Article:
Adolf zu Hohenlohe-Ingelfingen

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Adolf Karl Friedrich Ludwig Prince of Hohenlohe-Ingelfingen (born January 29, 1797 in Breslau ; † April 24, 1873 in Koschentin ) was a Prussian cavalry general , politician and briefly Prime Minister of Prussia.



Adolf was the son of Prince Friedrich Ludwig zu Hohenlohe-Ingelfingen and his wife Maria Amalie Christiane Charlotte Countess von Hoym (born October 6, 1763 in Mainz, † April 20, 1840 in Marienhof).

Hohenlohe-Ingelfingen married on April 19, 1819 with Luise Princess zu Hohenlohe-Langenburg (* August 22, 1799, † January 17, 1881). The marriage had ten children, five of whom died early:


Hohenlohe-Ingelfingen was hired as a second lieutenant in the Prussian army on April 27, 1815 and ordered to serve with General Kleist von Nollendorf . Here he took part in the sieges of Sedan , Mezières and Montmédy during the campaign against France in 1815 . In March 1817 he joined the Guard Uhlan Regiment, but retired the following year from active military service and became district administrator in the Lublinitz district . He was promoted to the Landwehr in September 1830 and became chief of the 23rd Landwehr Regiment on September 12, 1841 .

In 1847 he was a member of the United State Parliament . He was also a member of the Erfurt Union Parliament . He was also a member of the first chamber of the Prussian state parliament . From 1852 to 1854 he was also a member of the second chamber. After the first chamber was redesigned into the Prussian mansion in 1856, he became president of the house.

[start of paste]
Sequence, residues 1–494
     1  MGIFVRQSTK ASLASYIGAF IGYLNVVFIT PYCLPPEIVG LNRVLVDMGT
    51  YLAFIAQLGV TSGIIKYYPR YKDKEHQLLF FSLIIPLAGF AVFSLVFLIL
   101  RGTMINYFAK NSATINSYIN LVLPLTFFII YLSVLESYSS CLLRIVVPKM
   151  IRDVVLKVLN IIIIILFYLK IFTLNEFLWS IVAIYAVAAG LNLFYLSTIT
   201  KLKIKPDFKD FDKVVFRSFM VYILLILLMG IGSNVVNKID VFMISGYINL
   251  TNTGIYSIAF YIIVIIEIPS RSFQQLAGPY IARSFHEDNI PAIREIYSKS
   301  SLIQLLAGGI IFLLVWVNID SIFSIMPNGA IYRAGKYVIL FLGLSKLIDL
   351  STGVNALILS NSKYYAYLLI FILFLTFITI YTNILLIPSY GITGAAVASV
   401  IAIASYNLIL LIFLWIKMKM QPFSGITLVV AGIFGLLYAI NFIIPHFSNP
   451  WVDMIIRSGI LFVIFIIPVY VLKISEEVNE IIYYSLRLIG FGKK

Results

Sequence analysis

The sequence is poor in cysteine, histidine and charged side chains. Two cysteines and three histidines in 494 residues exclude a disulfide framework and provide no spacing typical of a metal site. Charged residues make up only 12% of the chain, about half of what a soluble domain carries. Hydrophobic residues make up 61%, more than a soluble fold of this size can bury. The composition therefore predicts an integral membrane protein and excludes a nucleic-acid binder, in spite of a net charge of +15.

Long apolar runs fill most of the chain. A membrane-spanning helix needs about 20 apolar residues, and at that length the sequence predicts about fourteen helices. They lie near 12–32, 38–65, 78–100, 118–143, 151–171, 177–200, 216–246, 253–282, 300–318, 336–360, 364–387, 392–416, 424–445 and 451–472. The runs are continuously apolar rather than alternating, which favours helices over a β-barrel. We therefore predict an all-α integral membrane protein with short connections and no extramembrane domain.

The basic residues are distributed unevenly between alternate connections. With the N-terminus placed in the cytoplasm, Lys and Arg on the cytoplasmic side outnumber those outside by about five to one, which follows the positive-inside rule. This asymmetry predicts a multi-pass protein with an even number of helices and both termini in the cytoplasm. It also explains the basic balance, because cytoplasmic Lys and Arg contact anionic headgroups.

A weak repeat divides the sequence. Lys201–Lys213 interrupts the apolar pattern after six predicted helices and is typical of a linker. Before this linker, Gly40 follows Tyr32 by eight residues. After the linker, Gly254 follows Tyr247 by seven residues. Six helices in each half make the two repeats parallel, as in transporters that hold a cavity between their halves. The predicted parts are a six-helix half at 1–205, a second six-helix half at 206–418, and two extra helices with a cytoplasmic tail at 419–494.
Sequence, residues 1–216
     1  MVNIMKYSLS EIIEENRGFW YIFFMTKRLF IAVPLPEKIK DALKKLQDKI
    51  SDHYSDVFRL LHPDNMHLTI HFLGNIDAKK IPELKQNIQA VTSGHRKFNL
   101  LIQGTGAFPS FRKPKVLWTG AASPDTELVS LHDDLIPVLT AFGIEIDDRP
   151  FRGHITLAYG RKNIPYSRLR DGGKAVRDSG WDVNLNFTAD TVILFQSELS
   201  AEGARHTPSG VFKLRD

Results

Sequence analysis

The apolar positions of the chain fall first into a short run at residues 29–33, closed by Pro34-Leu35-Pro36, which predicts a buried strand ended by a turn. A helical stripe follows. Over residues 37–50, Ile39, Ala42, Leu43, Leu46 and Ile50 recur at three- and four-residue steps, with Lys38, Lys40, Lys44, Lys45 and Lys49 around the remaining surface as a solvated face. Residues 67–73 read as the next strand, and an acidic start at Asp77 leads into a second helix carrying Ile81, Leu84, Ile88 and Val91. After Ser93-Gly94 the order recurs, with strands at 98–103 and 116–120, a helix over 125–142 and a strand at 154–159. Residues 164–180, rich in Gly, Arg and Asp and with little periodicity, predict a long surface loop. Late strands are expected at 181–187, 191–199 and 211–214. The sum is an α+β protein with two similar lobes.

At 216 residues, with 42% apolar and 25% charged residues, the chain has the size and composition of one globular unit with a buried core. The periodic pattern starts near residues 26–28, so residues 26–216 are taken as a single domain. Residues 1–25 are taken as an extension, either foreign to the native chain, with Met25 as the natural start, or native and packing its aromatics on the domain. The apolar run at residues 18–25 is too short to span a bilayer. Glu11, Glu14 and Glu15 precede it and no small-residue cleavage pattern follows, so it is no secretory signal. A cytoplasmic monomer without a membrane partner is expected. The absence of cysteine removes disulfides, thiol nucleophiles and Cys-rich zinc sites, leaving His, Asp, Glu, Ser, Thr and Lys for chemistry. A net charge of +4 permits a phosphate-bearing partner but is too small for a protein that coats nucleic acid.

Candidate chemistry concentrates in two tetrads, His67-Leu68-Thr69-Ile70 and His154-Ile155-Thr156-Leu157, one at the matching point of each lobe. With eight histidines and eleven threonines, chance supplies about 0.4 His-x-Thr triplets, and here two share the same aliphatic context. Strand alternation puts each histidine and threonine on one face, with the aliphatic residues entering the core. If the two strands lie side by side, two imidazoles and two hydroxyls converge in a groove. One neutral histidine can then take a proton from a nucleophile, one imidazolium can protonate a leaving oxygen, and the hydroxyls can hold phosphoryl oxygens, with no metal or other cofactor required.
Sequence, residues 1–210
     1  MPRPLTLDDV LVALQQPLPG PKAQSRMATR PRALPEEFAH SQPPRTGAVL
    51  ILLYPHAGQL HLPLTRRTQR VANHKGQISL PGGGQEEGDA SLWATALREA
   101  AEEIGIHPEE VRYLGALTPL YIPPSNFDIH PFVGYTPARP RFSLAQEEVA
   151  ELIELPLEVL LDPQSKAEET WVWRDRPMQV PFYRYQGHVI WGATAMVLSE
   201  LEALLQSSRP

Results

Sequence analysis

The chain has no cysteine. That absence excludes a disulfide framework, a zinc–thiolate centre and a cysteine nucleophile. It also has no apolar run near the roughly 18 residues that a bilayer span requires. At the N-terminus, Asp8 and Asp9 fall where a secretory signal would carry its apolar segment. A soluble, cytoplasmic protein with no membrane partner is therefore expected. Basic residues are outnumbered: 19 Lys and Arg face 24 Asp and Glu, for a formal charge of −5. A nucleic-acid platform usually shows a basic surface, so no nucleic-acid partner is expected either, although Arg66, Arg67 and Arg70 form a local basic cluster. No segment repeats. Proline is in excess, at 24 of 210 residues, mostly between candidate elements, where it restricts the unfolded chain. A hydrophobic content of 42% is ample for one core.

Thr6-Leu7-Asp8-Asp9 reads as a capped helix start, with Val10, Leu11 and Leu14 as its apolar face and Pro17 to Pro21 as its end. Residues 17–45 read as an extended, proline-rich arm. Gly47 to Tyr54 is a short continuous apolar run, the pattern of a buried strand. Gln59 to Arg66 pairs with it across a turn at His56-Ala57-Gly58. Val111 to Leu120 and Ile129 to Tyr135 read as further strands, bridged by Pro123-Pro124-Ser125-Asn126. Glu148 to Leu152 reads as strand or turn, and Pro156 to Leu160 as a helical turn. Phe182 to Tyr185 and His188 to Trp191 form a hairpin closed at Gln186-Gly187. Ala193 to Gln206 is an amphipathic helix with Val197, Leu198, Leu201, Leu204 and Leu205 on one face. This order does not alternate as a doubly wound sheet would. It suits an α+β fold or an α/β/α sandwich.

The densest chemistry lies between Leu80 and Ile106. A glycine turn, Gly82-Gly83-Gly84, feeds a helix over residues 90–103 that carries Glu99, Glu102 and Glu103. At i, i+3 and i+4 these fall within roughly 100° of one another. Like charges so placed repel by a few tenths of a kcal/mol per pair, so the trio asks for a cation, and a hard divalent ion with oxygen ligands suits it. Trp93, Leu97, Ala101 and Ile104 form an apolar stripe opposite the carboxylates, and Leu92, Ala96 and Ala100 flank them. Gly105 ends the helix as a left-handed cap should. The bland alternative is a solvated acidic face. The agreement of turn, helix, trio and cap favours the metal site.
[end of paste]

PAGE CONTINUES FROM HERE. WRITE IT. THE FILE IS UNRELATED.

Hohenlohe-Ingelfingen represented a feudal-conservative direction. He rejected both the conservative bureaucratism of Otto Theodor von Manteuffel and the liberal-conservative tendencies of the New Era .

After the overthrow of Prince Karl Anton zu Hohenzollern-Sigmaringen in connection with the army conflict , he became Prime Minister of Prussia. He himself assessed his lack of experience in foreign policy as a burden. But he hoped to find a compromise solution in the army conflict with the liberal majority of the Prussian House of Representatives . The actual leadership role in the cabinet was exercised by August von der Heydt anyway .

After the Progress Party's renewed victory in the elections of May 6, 1862, Hohenlohe-Ingelfingen resigned. However, Wilhelm I did not accept his resignation . Instead, he resigned the presidency of the Prussian State Ministry for alleged health reasons. After Otto von Bismarck was appointed Prime Minister, he withdrew from political life.


Hohenlohe-Ingelfingen had been a Knight of the Black Eagle Order since October 26, 1858 . He was also the owner of the Order of the Red Eagle 1st Class with Oak Leaves, the Order of Saint Anne 1st Class with Diamonds and the Grand Cross of the Saxon-Ernestine House Order .


Web links

Individual evidence

  1. ^ Heinrich August Winkler : The long way to the west. Vol. 1: German history from the end of the Old Reich to the fall of the Weimar Republic. Beck, Munich 2000. p. 153.